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U.S. raises safety mandate for airlines' global partners



December 7, 1999
Web posted at: 2:09 p.m. EST (1909 GMT)

In this story:

Seeking more than 'minimum standard'

Push for international treaty


From staff and wire reports

CHICAGO (CNN) -- The U.S. government is mandating stricter passenger-safety requirements for international airlines that have "code-sharing" partnerships with carriers based in the United States.

If a non-U.S. carrier fails to meet the safety requirements, a code-sharing agreement will not be allowed, federal aviation officials announced at a global aviation conference in Chicago Monday.

The new safety standards are the government's response to the proliferation of code-sharing arrangements, under which passengers who book flights with one airline may actually fly on a jet operated by another airline in partnership with the booking airline.

The purpose of code sharing is to make traveling seamless for passengers taking more than one flight to an international destination. Code-sharing deals between U.S. and international carriers have tripled in the past five years as U.S. airlines have sought to expand their businesses without the cost of adding to their fleets.

Crowded skies
What should be done to accommodate the increase in air traffic?

The safety guidelines, some still being formulated in discussions with airlines, will require that U.S. carriers conduct regular audits of their international partners to assess their training, maintenance and other practices.

Seeking more than 'minimum standard'

Any carrier flying to the United States already must meet standards established by the International Civil Aviation Organization, the U.N.'s aviation arm.

U.S. Transportation Secretary Rodney E. Slater said the new federal requirements reflect a wish to implement "the highest common denominator, rather than just having a minimum standard."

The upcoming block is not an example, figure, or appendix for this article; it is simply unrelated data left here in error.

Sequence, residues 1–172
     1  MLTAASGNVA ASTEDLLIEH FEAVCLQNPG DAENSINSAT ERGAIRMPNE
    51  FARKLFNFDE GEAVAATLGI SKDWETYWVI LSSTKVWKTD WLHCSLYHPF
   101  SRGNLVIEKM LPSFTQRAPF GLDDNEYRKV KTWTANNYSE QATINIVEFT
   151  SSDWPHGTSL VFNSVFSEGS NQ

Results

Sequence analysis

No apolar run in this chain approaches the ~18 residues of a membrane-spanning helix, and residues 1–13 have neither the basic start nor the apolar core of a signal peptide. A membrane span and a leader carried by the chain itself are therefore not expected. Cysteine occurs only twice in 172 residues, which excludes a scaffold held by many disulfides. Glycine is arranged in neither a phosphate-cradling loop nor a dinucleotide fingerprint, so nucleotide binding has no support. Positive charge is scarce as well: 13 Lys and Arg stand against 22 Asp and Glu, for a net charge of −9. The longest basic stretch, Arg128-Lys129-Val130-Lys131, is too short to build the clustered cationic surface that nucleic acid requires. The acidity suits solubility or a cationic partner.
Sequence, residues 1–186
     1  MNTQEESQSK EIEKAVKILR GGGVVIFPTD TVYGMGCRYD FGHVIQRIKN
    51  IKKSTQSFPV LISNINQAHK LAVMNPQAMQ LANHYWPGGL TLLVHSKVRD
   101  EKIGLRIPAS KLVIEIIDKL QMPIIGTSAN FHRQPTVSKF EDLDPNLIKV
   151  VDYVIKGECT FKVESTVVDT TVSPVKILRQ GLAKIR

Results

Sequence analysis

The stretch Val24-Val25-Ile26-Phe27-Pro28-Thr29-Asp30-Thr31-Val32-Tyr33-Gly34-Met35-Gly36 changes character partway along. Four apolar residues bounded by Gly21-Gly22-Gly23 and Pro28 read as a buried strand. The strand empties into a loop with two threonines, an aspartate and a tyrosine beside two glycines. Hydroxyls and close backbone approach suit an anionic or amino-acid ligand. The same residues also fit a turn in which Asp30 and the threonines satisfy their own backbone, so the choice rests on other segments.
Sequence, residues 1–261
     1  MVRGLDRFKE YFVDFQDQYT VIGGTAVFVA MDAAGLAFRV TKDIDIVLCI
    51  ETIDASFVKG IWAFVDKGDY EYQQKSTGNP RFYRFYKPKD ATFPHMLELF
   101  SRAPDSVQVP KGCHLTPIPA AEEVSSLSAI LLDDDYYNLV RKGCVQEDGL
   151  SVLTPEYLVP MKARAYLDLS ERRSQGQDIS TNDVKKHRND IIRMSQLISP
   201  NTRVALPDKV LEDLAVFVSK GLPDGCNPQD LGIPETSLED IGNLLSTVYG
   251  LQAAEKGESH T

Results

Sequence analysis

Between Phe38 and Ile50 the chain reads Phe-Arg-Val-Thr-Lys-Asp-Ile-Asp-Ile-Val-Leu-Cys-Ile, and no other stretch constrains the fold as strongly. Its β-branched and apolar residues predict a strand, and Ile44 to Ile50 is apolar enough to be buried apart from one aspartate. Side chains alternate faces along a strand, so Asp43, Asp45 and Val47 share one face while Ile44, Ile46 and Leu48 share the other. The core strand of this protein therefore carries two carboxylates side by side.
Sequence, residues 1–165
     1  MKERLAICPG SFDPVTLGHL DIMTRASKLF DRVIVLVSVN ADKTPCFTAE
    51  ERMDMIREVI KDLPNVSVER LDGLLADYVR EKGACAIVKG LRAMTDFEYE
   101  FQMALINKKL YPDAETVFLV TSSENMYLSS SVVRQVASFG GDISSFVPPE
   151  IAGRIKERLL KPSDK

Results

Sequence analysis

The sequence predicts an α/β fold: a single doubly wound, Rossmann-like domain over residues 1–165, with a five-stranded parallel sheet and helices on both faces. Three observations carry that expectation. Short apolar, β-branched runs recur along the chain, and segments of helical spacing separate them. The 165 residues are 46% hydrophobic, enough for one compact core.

Both he and Jane Garvey, administrator of the Federal Aviation Administration, who announced the new standards jointly, said the guidelines should lead to increased aviation safety around the world.

Garvey said the standards should be put into effect "within a relatively short period of time."

The U.S. airlines' audits of their partners would not be public, but the Transportation Department's reviews of them would be.

Push for international treaty

The aviation conference, attended by representatives of 93 nations, marks U.S. officials' effort to secure an international treaty governing the skies. A treaty would stimulate world trade and give the flying public more choices and cheaper fares, U.S. officials said.

Currently, international aviation is governed by a network of bilateral agreements, or "open-skies" accords, that lay out what carriers have landing rights in which countries and airports.

The aviation conference marks U.S. officials' effort to secure an international treaty governing the skies.

This is a follow-up effort -- more than half a century after U.S. President Franklin D. Roosevelt made a failed push for such an accord at the last world aviation conference, held in Chicago in 1944.

In a separate announcement, U.S. officials said they had signed aviation agreements with Italy and Argentina that will permit freer air traffic between the United States and those countries.

Correspondent Gary Tuchman and The Associated Press contributed to this report.


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